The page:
Yes! I've gotten deals where the per-month cost was brought down SIGNIFICANTLY by paying a year in advance - down to like $5 a month from the normal $15 or whatever, IIRC.

So yeah, sometimes you do get really sweet deals by going with a yearly subscription.
But if there’s nothing to watch what’s the sense in paying even $5 a month?



But if there’s nothing to watch what’s the sense in paying even $5 a month?
Well, it goes without saying nobody in their right mind would consider a yearly subscription to a magazine they don't read, or a streamer they don't watch.

I mean, that's pretty obvious, right?



Not sure if 'muricans are so stupid or so rich to pay for streaming services.



Not sure if 'muricans are so stupid or so rich to pay for streaming services.
Movies are one of the few things in this world that you can sell - and still own. So, the business is inherently going to have a great profit potential.



Well, it goes without saying nobody in their right mind would consider a yearly subscription to a magazine they don't read, or a streamer they don't watch.

I mean, that's pretty obvious, right?
You’re the one suggesting a person buy a year’s subscription to unknown content.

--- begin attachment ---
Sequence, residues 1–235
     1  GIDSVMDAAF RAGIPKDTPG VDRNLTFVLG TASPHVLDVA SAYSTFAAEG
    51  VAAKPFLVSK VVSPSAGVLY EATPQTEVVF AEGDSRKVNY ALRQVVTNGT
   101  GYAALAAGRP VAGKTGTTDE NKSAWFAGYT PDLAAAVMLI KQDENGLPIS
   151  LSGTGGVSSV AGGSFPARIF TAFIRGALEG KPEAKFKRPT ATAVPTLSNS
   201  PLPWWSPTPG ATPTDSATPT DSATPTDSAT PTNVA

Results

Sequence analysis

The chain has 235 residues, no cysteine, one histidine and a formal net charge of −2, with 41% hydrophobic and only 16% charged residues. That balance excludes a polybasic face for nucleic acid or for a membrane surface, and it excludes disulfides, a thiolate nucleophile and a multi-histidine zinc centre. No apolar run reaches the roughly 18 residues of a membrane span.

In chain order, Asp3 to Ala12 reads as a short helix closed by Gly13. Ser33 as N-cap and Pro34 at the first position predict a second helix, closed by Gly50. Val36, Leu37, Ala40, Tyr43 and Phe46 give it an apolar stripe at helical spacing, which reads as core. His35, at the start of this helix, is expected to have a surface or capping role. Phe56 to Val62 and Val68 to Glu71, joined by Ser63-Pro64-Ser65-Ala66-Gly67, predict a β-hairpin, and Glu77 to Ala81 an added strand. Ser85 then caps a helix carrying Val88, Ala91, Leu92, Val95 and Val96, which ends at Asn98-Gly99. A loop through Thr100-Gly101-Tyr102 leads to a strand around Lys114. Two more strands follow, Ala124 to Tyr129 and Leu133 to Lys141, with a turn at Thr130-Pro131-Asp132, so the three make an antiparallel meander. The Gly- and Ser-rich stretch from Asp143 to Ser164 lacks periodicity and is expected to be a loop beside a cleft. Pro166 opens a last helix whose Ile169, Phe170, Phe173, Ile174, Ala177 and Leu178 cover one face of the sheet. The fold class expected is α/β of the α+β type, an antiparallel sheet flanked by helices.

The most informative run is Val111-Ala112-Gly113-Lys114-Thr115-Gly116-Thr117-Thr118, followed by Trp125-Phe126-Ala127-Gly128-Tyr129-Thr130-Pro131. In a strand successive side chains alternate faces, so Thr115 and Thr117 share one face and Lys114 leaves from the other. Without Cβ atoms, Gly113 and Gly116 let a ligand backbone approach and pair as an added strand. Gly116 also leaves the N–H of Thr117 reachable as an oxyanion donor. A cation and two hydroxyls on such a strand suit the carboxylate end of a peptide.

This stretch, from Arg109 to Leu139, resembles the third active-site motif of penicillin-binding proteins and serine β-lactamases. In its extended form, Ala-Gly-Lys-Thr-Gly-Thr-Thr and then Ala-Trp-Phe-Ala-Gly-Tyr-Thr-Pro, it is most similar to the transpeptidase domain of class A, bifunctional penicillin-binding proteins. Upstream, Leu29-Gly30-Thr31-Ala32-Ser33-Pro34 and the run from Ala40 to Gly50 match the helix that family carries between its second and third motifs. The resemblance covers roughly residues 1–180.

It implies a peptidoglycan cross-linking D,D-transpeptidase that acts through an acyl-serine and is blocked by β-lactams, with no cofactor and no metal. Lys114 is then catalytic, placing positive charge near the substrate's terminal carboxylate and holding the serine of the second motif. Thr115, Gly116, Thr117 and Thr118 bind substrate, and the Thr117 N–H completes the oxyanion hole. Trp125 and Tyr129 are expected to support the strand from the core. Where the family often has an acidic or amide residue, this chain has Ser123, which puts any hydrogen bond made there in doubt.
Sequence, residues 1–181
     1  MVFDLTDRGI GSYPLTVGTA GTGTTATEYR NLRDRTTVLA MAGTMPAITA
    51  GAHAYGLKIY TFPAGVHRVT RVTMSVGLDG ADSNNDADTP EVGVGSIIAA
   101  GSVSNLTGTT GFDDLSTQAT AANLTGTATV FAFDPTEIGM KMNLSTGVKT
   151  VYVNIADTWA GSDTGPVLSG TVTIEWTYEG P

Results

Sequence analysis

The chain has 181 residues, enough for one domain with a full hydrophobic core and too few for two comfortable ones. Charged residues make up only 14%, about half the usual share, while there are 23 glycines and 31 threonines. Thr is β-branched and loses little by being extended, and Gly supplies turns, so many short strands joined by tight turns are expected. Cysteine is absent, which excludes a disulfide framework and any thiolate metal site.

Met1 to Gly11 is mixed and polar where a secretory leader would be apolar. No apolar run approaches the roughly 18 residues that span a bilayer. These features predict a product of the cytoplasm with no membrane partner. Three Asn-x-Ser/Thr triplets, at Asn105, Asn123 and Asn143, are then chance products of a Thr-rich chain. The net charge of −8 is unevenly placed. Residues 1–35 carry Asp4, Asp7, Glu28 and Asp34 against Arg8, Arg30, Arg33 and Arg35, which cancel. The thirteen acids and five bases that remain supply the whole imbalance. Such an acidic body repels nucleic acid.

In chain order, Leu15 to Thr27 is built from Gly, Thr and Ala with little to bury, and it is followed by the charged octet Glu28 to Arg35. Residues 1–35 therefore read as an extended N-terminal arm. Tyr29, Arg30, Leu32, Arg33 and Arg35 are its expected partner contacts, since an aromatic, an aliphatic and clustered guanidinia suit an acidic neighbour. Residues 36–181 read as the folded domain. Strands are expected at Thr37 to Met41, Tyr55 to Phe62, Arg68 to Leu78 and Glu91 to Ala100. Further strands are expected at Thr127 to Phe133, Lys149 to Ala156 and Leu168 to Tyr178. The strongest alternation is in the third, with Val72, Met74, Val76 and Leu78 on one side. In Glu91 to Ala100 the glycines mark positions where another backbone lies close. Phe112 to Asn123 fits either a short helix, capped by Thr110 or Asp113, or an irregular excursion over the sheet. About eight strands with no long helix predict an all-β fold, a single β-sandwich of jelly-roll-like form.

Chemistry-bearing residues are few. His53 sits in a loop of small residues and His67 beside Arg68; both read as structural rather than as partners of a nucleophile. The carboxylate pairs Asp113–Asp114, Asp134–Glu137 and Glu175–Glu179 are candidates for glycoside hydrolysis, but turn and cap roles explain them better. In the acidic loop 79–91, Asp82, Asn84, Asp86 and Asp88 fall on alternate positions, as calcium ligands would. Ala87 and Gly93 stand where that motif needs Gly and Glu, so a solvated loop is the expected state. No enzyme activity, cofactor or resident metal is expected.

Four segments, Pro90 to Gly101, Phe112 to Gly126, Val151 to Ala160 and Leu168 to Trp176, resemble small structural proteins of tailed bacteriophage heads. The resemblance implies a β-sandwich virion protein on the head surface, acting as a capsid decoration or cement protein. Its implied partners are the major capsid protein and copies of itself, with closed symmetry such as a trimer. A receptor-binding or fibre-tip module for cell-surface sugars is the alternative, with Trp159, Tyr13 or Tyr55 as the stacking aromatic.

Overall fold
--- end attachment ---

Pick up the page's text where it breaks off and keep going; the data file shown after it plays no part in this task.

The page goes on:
Most streaming services don't have enough good stuff to justify a year's subscription. The Criterion Channel is the only one that I think is worth getting a yearly subscription for.



Most streaming services don't have enough good stuff to justify a year's subscription. The Criterion Channel is the only one that I think is worth getting a yearly subscription for.
You’re probably right.



Most streaming services don't have enough good stuff to justify a year's subscription. The Criterion Channel is the only one that I think is worth getting a yearly subscription for.
I'm a charter subscriber to CC and I love the channel dearly, but for me there are other services which have a deep enough library of catalog content that they justify a yearly subscription - if the discount is significant enough.

Paramount+ has a humongous amount of catalog titles, and Max still had quite a few, maybe not as many as they did when they were still HBOMax. For me, they are more than good enough at a reduced rate - and I can understand if other folks don't feel that way, of course (sorry if I am starting to over-explain, but in light of a certain person completely taking stuff I said out of context, it is a reasonable precaution!)